There has been a large amount of research carried out in recent years surrounding vocabulary with some very troubling outcomes.

  • 65% of young offenders have been found to have unidentified speech, language and communication needs.
  • The quality and quantity of children’s vocabulary at age five is a strong predictor of how well they will be doing aged 30.
  • Children with larger vocabularies achieve more academically and display better behaviour.
  • Children with a wider range of vocabulary allows them to better share something of themselves – their feelings, ideas and experiences.

Home Reading:

We want our children to have a hunger for words, new words and finding out what new words mean. One of the half-termly home reading activities focuses on this. Every time the children read, they are asked to pick out one word that is new, challenging and interesting. Teacher’s then discuss these in class and consider ways these words can be used.

Foundation Subjects:

In each foundation subject, the leaders have designed vocabulary-rich, spiral curriculums. These intentionally chosen words are explicitly taught to the children and not left to chance. Each year’s vocabulary builds on the words of the previous year.

Stem Sentences:

Stem Sentences are a proven method to help improve pupils’ language proficiency, in turn, improving their communication and writing. They improve fundamental language skills as well as higher-level thinking skills, familiarising students with sentence structure, linguistic ability and lesson content all at once. Every subject in the curriculum has their own stem sentences.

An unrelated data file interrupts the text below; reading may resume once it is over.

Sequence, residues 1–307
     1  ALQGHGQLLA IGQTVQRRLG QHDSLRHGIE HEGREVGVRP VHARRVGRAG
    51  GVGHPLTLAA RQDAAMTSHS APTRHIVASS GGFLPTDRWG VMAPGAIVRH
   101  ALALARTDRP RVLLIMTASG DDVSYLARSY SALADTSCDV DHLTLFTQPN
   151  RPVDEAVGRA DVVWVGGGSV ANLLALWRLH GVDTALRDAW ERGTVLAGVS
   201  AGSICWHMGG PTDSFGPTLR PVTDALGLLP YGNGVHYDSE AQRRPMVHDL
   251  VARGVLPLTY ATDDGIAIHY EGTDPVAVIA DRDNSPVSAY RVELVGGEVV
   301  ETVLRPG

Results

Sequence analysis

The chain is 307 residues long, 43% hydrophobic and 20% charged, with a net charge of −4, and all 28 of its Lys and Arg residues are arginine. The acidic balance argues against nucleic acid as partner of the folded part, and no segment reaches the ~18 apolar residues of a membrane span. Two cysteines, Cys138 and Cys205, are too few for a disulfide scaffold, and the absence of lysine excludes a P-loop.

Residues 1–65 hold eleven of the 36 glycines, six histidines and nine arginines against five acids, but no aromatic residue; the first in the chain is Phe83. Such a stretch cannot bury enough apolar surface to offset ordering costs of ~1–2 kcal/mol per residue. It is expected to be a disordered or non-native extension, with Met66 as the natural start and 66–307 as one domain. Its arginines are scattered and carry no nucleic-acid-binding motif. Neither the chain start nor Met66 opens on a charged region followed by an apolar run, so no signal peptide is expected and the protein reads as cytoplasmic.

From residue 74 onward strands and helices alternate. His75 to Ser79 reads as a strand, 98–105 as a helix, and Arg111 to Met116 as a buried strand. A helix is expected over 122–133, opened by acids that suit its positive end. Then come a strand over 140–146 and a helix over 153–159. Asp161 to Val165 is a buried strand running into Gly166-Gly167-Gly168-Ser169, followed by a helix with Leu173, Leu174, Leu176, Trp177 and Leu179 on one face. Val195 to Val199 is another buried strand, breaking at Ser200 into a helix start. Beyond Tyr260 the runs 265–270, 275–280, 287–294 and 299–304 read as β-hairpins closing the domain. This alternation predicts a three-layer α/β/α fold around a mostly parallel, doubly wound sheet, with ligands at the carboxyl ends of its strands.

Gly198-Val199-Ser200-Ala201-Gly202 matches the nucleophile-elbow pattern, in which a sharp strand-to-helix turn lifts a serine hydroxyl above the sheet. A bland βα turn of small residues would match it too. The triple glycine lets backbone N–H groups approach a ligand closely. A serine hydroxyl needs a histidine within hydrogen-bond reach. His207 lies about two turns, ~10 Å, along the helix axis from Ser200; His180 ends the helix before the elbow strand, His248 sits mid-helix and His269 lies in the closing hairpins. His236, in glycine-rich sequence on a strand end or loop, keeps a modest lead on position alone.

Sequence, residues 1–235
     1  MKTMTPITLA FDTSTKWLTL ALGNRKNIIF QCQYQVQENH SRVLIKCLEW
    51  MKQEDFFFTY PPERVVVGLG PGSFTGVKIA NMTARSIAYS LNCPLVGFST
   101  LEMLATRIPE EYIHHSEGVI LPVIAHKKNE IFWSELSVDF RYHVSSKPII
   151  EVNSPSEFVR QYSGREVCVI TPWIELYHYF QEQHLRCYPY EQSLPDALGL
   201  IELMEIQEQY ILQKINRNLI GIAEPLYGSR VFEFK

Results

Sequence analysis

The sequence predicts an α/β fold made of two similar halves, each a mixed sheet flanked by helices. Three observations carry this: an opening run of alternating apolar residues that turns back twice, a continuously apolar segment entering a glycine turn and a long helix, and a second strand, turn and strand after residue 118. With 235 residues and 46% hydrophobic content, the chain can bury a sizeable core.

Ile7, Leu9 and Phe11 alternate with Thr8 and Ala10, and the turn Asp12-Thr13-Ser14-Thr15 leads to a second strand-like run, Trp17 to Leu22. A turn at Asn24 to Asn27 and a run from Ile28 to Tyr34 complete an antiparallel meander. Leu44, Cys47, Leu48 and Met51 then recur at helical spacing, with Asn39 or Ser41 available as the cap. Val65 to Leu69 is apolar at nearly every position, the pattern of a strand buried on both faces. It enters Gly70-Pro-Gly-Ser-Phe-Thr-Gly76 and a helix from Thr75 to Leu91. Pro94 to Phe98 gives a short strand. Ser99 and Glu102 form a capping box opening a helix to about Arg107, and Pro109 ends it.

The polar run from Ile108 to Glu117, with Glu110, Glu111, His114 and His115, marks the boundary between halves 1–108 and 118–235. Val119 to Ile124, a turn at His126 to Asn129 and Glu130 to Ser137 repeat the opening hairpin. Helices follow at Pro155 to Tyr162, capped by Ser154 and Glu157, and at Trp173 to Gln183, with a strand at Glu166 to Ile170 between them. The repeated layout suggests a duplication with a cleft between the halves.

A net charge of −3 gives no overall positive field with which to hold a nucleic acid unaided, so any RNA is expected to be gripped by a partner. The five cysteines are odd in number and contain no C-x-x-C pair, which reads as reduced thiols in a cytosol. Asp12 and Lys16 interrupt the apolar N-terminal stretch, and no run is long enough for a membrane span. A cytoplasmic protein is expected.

Tiered Words:

At St Alban’s, we believe in the Tiered Vocabulary approach where words are categorised into three tiers. These tiers are based on frequency, complexity and meaning. As teachers, we know that a robust vocabulary supports reading comprehension and reinforces understanding of new and difficult texts. Using a tiered approach to vocabulary instruction assists the development of language acquisition and promotes a strong foundation for literacy across content areas.

  • Tier 1 Words: Basic words that are commonly used in spoken language.
  • Tier 2 Words: Academic Vocabulary appearing frequently across content areas.
  • Tier 3 Words: Low frequency words that occur within specific domains.

Our language rich displays around school show tier 2 and tier 3 words.


Alongside key writing disciplinary knowledge, Pathways to Write also builds in extensive opportunities to develop and apply vocabulary. Vocabulary boxes are in every unit and give guidance on the tiered vocabulary that is developed within that unit – as well as which statutory words are appropriate for that unit.


During the two-week cycle of studying a text, vocabulary is always a focus – even if the content domain focus is not. This is done at the beginning of the unit when introducing the text to the children. They are taught how to decipher the meaning of a word without a dictionary or asking for help using a variety of strategies:

  • Proper Nouns: Does it have a capital letter – is it a proper noun?
  • Context: Read the sentence / paragraph and figure out the context.
  • Root Word: Does it have a root word, prefix, suffix that they are familiar with?
  • Replace: Can the children replace the word with another word and it still make sense.
  • Word Class: Can the children identify what the purpose of the word in the sentence is and therefore what word class it is.